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Naked Science Paperback – 14 Sep 2006

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Product details

  • Paperback: 256 pages
  • Publisher: European Atlantic Publications Ltd (14 Sept. 2006)
  • Language: English
  • ISBN-10: 1905770014
  • ISBN-13: 978-1905770014
  • Product Dimensions: 13.2 x 19.8 x 2.2 cm
  • Average Customer Review: 5.0 out of 5 stars  See all reviews (2 customer reviews)
  • Amazon Bestsellers Rank: 1,001,987 in Books (See Top 100 in Books)

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1 of 1 people found the following review helpful By Shopaholic on 3 Jan. 2011
Format: Paperback Verified Purchase
I couldn't put this book down. A great little book, where even if you only have a few minutes spare you can enjoy the delicious little facts and tips in bite-size sections.
I am an avid listener to the Naked Scientists radio show plus many of the spin off shows, Chris Smith's incredible wealth of knowledge never ceases to amaze me, and he rarely struggles to answer any questions put to him live on air!
I look forward to reading his next book/s and I may buy his next edition for the Kindle!
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By Atlantic lady on 2 July 2014
Format: Paperback Verified Purchase
Love this book, it's written in an warm and informative way, brought this after seeing the naked scientist live and can not put it down
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Most Helpful Customer Reviews on (beta) 1 review
1 of 1 people found the following review helpful
Naked science- readable 13 May 2013
By William P. Palmer - Published on
Format: Paperback
Review of `Naked science' (2006) by Christopher Smith published by European-Atlantic Publications Ltd., London.

CITATION Smith, C. (2006). Naked science. London: European-Atlantic Publications Ltd.

Reviewer: Dr William P. Palmer.

`Naked science' is another book like `Do Cats Have Belly Buttons?: And Answers to 244 Other Questions on the World of Science to 244 other questions on the World of Science' that has morphed from a radio show into a book. The story of how the idea emerged, told in the book's introduction, is engaging and instructive. Briefly two keen young PhD students provided a demonstration about onion DNA at the Cambridge (UK) Science Festival and became enthused about explaining science to people. Firstly when interviewed about their demonstration, they gave a good interview which the audience liked. They put forward a grant application to the Biotechnology and Biological Sciences Research Council, which proved successful for an interview type science program which developed with further support into a public question and answer show expanding from the UK to Australia. It was a commendable effort.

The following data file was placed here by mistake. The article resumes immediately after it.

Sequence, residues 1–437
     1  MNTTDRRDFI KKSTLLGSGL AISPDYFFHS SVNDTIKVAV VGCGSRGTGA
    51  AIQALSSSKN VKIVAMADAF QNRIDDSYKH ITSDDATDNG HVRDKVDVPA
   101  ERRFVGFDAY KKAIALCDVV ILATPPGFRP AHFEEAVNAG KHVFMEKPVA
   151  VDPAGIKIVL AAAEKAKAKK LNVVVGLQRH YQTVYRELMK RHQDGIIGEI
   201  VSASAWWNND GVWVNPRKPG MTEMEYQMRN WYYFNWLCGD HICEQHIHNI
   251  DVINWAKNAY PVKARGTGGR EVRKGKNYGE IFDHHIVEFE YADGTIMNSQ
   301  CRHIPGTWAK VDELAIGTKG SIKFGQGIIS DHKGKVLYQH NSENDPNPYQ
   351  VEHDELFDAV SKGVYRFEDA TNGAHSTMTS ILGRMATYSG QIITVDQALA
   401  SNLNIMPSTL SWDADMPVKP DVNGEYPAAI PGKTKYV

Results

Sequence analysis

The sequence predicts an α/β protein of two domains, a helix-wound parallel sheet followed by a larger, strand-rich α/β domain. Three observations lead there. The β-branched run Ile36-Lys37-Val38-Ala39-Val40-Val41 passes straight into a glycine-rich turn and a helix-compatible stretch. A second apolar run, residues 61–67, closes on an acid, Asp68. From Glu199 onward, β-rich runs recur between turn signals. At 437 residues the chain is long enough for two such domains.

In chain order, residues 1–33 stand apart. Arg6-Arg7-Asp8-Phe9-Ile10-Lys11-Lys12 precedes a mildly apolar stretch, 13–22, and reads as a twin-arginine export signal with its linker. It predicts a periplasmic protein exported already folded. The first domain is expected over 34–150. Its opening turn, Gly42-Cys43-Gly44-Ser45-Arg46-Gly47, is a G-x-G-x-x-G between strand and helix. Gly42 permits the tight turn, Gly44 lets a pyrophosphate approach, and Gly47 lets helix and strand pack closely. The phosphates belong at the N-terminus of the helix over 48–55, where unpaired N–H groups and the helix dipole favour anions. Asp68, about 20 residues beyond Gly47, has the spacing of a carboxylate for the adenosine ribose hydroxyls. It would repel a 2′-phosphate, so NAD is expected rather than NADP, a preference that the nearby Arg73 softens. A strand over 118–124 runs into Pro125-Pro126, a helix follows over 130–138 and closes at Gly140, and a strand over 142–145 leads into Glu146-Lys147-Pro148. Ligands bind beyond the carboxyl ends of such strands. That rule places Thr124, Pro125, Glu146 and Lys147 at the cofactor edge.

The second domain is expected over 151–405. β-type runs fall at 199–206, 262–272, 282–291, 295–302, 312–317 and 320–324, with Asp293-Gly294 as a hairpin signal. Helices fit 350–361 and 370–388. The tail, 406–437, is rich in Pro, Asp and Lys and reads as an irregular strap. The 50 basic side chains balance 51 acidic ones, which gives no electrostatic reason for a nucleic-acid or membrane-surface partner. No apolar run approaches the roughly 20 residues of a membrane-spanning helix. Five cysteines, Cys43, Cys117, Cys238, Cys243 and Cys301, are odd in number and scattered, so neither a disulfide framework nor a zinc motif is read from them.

The book has 226 pages with a further 30 pages of index which is helpful if the reader wishes to answer particular questions. One problem is that the book has no diagrams or pictures which makes explanation more difficult in some cases. Some pages contain one question and one answer whilst fewer pages contain two questions with answers, so altogether there would be about 300 questions and answers. Generally explanations are good delivered with some excellent touches of humour.

Sometimes the author introduces `factoids' which are statements that may be factually correct or incorrect. Immediately following the statement, a few paragraphs are written pronouncing the statement true or false. Some of these required more discussion than was given.

Overall I have some doubts as to whether the publication of books like this actually helps the public understanding of science but this was a better than average attempt to make science better understood by the general public.

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